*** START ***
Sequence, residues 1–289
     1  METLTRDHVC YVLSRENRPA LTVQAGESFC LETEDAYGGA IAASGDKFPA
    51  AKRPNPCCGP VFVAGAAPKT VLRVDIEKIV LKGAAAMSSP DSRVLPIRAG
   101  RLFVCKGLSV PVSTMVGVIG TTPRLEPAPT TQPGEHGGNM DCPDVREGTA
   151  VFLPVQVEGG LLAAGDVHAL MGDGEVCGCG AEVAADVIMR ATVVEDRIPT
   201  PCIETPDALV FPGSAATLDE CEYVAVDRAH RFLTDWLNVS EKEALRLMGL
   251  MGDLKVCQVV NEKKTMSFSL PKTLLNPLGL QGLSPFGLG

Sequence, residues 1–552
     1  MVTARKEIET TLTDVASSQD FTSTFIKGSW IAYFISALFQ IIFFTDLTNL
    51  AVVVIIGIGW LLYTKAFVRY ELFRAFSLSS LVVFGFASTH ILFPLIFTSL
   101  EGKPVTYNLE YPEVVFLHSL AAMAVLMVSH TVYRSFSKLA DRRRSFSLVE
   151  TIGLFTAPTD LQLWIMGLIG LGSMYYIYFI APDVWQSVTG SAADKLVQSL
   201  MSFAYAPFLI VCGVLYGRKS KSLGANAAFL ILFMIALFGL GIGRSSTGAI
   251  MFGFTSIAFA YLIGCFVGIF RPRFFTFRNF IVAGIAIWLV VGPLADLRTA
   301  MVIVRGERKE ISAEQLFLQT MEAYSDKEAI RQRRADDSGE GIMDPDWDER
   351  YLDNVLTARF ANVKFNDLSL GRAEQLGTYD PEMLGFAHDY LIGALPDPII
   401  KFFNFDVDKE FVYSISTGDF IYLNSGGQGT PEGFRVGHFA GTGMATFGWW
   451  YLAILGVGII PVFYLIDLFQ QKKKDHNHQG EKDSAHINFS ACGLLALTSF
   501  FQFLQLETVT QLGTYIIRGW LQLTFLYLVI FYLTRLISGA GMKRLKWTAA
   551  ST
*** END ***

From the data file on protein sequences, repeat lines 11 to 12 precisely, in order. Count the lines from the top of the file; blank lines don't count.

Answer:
   101  EGKPVTYNLE YPEVVFLHSL AAMAVLMVSH TVYRSFSKLA DRRRSFSLVE
   151  TIGLFTAPTD LQLWIMGLIG LGSMYYIYFI APDVWQSVTG SAADKLVQSL